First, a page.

Pacific Northwest Regional Reports

Catmints for the Northwest

These tough, long-blooming perennials love our dry, hot summers and lean soil

Walkers Low catmint
‘Walker’s Low’ catmint responds to dry heat with a profusion of bright blue blooms all summer long. Photo: Jennfier Benner

I really enjoy it when mid to late summer rolls around in the Pacific Northwest. We transition from the typical “Juneuary” weather of cooler temperatures and rain to summer’s sunshine and heat. There are so many plants that begin to flower and delight us once this heat hits. I like to use several very tough catmints (Nepeta spp. and cvs., Zones 3–9) in my garden and my clients’ gardens. They produce beautiful and colorful flowers as well as amazing scents in summer. As a bonus, these plants attract many wonderful and beneficial insects to the garden.

N x faassenni
‘Walker’s Low’ may be the most commonly known cultivar of N. × faassenii, beloved for its signature scent and nonstop blooming. Photo: Jennifer Benner

Stick to standards for repeat divisions and sprawling habits

Most everyone knows of Nepeta × faassenii (Zones 3–8) with its soft gray fuzzy leaves and nonstop flowering. This is a lovely sterile hybrid catmint of N. racemosa and N. nepetella and will therefore not seed around your garden. However, it does travel a bit with its stoloniferous roots, which can be divided for further use or given away to friends. These perennial catmints are lovely, long-blooming and wonderfully scented. They make great additions to pathways and border edges, especially in places where they release their lovely mint scent when brushed. N. × faassenii are loose, blousy plants, so make sure to give them some room, as even the smaller varieties like ‘Walker’s Low’ can reach 2 to 3 feet tall and 1 to 1.5 feet wide quickly in one season. This hybrid does require maintenance to keep it looking good all season long, with either a light clipping back of the spent flowers or a wholesale cutback to keep the size in check.

N tuberosa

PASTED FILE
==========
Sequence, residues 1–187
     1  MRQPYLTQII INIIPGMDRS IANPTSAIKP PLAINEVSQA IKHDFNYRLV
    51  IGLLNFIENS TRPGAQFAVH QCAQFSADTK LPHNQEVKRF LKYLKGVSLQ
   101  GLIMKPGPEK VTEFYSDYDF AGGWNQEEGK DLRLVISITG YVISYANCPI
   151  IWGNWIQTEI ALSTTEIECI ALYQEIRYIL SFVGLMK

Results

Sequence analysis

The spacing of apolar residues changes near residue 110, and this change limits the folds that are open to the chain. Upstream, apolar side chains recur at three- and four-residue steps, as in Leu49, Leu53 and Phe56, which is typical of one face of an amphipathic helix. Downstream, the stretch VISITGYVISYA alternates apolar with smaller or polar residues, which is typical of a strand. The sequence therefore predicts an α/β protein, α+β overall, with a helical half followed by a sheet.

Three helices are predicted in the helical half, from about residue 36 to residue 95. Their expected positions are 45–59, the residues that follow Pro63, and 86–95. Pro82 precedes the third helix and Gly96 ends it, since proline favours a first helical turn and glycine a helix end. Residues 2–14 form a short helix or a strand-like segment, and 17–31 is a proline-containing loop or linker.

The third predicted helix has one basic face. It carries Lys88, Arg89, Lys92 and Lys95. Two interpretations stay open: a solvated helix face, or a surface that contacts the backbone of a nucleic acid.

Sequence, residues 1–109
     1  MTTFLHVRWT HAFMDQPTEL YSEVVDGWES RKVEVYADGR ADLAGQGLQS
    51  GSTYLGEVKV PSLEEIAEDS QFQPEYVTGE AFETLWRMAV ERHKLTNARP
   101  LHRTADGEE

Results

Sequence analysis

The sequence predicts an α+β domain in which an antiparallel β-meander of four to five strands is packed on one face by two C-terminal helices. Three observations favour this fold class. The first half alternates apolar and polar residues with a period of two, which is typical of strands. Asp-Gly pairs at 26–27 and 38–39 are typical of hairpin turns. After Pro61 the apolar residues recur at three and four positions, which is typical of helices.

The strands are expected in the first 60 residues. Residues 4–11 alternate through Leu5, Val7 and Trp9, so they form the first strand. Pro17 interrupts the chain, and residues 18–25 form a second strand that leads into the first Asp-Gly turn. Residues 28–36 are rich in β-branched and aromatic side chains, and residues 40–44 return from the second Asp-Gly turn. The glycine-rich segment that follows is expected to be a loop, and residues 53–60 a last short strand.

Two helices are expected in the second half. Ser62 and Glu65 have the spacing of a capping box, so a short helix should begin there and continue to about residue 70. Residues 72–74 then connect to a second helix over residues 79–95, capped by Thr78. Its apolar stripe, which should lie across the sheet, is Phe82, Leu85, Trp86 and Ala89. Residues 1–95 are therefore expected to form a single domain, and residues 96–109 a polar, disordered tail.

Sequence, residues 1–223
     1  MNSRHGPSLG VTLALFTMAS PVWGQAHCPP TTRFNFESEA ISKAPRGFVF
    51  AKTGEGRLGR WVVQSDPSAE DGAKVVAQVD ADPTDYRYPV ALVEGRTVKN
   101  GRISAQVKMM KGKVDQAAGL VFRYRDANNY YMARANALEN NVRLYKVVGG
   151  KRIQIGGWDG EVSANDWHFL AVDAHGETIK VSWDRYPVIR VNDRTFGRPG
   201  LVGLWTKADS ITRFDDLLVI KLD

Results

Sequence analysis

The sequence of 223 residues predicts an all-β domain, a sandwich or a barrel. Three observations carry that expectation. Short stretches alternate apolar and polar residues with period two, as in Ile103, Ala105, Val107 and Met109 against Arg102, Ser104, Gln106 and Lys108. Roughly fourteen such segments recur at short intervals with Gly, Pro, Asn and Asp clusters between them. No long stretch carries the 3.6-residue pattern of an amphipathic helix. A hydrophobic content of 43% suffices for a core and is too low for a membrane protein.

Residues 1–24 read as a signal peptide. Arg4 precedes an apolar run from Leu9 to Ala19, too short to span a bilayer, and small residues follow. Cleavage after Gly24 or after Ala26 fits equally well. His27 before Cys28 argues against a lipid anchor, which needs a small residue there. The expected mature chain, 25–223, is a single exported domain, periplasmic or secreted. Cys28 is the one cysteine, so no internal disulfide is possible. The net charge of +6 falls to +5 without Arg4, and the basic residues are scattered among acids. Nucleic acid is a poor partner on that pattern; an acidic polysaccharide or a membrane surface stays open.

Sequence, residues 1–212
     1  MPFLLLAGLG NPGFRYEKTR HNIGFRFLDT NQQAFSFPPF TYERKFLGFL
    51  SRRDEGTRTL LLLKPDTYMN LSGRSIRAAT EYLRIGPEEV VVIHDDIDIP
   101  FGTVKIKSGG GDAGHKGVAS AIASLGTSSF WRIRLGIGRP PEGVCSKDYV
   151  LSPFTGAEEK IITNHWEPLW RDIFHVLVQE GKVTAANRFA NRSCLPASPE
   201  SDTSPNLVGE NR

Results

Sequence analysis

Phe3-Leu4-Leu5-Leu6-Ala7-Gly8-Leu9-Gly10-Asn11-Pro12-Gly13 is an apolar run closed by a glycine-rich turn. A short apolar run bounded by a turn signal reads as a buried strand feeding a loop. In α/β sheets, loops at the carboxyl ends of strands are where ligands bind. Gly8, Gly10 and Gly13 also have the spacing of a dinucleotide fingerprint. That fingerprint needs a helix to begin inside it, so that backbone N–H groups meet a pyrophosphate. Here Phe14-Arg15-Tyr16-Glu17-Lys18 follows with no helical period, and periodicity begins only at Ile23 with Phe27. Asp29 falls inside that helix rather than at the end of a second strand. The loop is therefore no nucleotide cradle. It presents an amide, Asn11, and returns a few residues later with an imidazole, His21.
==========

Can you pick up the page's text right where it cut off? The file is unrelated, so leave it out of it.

N. tuberosa carries its flower spikes in tight, vertical columns that loom over shorter plants. Photo: Jason Jorgensen

Look for a smaller alternative with upright stems for a sharper look

If space is a premium or you are wanting to try something new, I have also been using another excellent catmint, N. tuberosa (Zones 7–10). I highly recommend this great plant, which has a completely different habit from N. × faassenii. This plant is slow to start, but watch out when it gets going. N. tuberosa is a more drought-resistant plant than N. × faassenii and grows a tuberous root system, as the name implies. It can therefore handle our dry Northwest summers. It grows long flower spikes that are 1.5 to 2 feet tall. They are also very upright and will not flop over other plants in your garden beds. N. tuberosa works great in smaller pathways or intermingled with small grasses and bulbs in meadowscaping schemes.

lesser catmint
Lesser catmint blooms with a profusion of tiny, bright white flowers all summer long. Photo: Jason Jorgensen

Lesser catmints provide smaller habits with white flowers

If you are looking for a white-flowered version of catmint, seek out lesser catmints (Calamintha nepeta subsp. nepeta and cvs., Zones 5–9). Calamintha is a closely related genus to Nepeta, both of which are in the mint family. These plants like the same conditions: dry, lean soil with excellent drainage. Lesser catmints are also superb insect-attracting plants. They bloom for a long time but are shorter in height and less prone to sprawling open like most catmints. They typically grow 12 to 18 inches high and wide.

Calamintha nepeta
Lesser catmints have a denser, bushier habit than most catmints. Photo: FG staff

I really enjoy experimenting with new and different plants in my garden and seeing what survives in various conditions. I hope catmints and lesser catmints give you some great gardening and design ideas for plants that can handle summer weather here in the Pacific Northwest.

—Jason Jorgensen is a landscape designer in Seattle.

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